It is not a product but a service, like what telephone operators offer on smartphones where you subscribe, take the device and pay for the Sim every month. In this case, you do the laundry in exchange for a monthly fee. The service is called WashPass, Haier announced it and is a novelty for the world of the consumer market. In practice, it is a subscription washing machine, a pay-per-wash borrowed from pay-per-use that is rampant in much of the digital economy. Where, however, the real news is technological.
Haier’s machine uses special cartridges to clean, it is connected and you can talk to it with your smartphone. But she alone she knows what she needs.
The superwashing machine
“All true but the real news is that it does not use a detergent of the kind you find at the supermarket – explains Gianpiero Morbelli, head of grands & IOT Haier Europe to the Sole 24 Ore – but a concentrate of basic chemical components”.
The machine is not a normal washing machine of those you find in stores but a model built ad hoc. It is designed to choose ingredients based on the type of laundry and in the right quantities. A computer vision system transmits the information and also suggests which program to use. «We have calculated – adds Morbelli – that in this way we reach an efficiency higher than 70% compared to a traditional washing machine. Furthermore, there is no waste, in the sense that by fishing for the chemical components needed for that type of laundry, you can save in terms of eco-sustainability ».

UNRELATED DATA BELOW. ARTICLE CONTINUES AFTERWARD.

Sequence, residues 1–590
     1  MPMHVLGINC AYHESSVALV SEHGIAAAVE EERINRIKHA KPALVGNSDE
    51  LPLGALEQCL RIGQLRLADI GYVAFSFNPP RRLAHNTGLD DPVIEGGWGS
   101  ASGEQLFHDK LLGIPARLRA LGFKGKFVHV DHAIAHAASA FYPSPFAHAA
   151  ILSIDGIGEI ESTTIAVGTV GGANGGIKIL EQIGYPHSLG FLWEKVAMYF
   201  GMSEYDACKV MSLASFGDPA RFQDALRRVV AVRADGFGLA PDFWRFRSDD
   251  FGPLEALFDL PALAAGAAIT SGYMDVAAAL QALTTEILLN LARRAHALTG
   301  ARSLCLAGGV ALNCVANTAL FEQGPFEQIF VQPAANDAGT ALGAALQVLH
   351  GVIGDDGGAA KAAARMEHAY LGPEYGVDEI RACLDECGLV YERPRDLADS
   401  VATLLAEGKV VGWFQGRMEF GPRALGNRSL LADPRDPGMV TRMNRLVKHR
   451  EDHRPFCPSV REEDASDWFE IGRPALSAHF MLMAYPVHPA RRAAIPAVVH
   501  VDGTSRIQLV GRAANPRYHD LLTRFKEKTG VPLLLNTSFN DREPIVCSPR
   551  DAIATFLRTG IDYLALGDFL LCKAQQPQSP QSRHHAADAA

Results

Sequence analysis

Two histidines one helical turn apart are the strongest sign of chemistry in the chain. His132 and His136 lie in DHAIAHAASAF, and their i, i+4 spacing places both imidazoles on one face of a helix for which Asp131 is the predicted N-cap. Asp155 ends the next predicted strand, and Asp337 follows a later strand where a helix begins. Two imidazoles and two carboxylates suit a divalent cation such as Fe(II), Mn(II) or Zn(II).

Monthly cost based on use
The saving is therefore on the efficiency of the washing, the manager is keen to specify. In fact, being connected, the appliance will automatically order the detergent cartridges and will call the technician in case of maintenance. The cost includes a fixed fee of around 80-100 euros and then a monthly fee based on use which could be 10-20 euros depending on the washing. While the washing machine is the equivalent of a medium-high-end machine with a 10-kilo load. “The performances are superior to normal detergents and there is also the element of attention to the environment”, observes Morbelli who suggests that he wants to focus on the new generations who have shown that they have an idea of ownership and possession for certain products different from the one we say of generation X.